LeBron James, Kobe Bryant Reportedly Were at Center of 2007 Trade Talks

Mike Chiari@mikechiariFeatured ColumnistFebruary 10, 2016

Cleveland Cavaliers forward LeBron James, right, drives toward the basket as Los Angeles Lakers guard Kobe Bryant defends during the second half of an NBA basketball game, Thursday, Jan. 15, 2015, in Los Angeles.  The Cavaliers won 109-102. (AP Photo/Mark J. Terrill)
Mark J. Terrill/Associated Press

LeBron James and Kobe Bryant will undoubtedly go down as two of the greatest players in NBA history, but based on a new report, they could have been part of one of the biggest trades the sport has ever seen as well.

According to ESPN.com's Brian Windhorst, multiple sources revealed that the Los Angeles Lakers called the Cleveland Cavaliers in 2007 to gauge their interest in a potential deal involving the Black Mamba and King James.   

Per Windhorst, L.A. made the call during the 2007 offseason on the heels of the 28-year-old Bryant putting up 31.6 points, 5.7 rebounds and 5.4 assists per game. LeBron was just 22 years of age and four years into his NBA career, but he enjoyed a dominant campaign with per-game averages of 27.3 points, 6.7 rebounds and 6.0 assists.

The Cavaliers declined the proposal and deemed James untouchable, and while they offered any other player on their roster in exchange for Kobe, the Lakers weren't interested.

According to Windhorst, LeBron told ESPN.com's Dave McMenamin that he buys in to the report: "I believe it. If you give up one big fish, you got to give a big fish too," he said.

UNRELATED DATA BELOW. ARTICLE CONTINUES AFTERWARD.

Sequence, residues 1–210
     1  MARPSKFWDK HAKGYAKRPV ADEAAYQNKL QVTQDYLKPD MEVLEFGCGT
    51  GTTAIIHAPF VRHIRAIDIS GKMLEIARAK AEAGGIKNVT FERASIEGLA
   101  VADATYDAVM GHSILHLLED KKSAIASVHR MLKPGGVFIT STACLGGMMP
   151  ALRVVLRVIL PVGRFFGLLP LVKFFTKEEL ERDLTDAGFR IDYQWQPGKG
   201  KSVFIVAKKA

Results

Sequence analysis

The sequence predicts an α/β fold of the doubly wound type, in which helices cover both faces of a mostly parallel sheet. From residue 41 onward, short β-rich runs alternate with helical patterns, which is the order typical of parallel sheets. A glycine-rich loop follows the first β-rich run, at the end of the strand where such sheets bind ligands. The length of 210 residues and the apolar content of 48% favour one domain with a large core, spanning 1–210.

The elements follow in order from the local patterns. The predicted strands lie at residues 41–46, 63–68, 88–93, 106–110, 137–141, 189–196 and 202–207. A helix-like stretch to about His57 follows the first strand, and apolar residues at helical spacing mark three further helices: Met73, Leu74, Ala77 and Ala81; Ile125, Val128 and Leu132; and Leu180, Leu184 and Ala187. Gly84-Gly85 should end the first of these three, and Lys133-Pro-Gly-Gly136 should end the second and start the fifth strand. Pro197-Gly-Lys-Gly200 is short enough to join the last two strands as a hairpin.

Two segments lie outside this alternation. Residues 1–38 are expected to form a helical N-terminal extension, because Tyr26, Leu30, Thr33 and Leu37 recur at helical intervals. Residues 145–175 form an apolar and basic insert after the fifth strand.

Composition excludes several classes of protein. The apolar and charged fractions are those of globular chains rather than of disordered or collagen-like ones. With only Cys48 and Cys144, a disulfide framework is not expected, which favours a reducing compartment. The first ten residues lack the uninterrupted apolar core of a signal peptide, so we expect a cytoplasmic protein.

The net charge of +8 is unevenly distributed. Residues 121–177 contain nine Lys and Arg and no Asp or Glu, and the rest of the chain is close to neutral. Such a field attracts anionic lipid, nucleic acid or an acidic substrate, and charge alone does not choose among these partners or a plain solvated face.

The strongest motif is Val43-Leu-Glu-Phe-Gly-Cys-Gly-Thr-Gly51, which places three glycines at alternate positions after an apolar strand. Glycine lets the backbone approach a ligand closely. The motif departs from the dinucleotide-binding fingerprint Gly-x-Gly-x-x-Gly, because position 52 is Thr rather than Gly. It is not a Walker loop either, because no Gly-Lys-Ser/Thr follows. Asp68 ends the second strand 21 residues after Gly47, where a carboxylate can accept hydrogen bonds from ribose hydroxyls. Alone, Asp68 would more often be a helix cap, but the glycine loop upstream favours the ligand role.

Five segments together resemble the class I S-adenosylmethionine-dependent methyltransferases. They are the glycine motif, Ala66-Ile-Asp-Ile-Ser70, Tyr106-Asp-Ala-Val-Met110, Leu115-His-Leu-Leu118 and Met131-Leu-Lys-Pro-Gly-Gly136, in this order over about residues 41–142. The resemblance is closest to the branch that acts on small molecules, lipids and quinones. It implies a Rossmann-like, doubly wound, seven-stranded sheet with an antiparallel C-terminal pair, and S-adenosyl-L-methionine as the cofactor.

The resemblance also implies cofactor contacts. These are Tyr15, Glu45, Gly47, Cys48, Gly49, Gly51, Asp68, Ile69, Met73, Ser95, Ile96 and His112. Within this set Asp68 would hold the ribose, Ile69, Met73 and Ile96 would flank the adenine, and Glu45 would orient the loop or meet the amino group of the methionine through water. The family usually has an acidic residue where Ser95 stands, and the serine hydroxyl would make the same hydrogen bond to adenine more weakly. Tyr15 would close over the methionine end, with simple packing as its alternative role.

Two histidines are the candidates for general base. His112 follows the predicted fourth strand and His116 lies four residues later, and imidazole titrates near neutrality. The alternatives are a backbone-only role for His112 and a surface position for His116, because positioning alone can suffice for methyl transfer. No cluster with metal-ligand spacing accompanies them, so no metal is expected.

Despite the potential authenticity of the offer, it appears as though it never could have happened because of Bryant's no-trade clause.

Per Windhorst, Kobe told ESPN.com's Baxter Holmes that there were only three teams he would have approved a trade to, and the Cavs weren't among them.

"I never would've approved it. Never. The trade to go to Cleveland? Never. That wasn't one of the teams that was on my list. It was Chicago, San Antonio [or] Phoenix," Bryant said.

While he had requested a trade in May 2007 and a deal of some kind appeared to be imminent, Kobe and the Lakers managed to get back on the same page.

It ended up being a great move for both parties, as L.A. won the NBA championship in both 2009 and 2010 under the 18-time All Star's guidance.

LeBron, on the other hand, left Cleveland via free agency in 2010 and won two titles with the Miami Heat. But he returned home in 2014.

While James and Bryant would have gone down as legends regardless of the trade-talk results, the status quo was probably best for everyone.

Kobe's career means a little bit more than it would have otherwise due to the fact that he never played for a team other than the Lakers, and LeBron's triumphant return to Cleveland reinvigorated the Cavs fanbase, which is something that may never have happened had the trade gone down.

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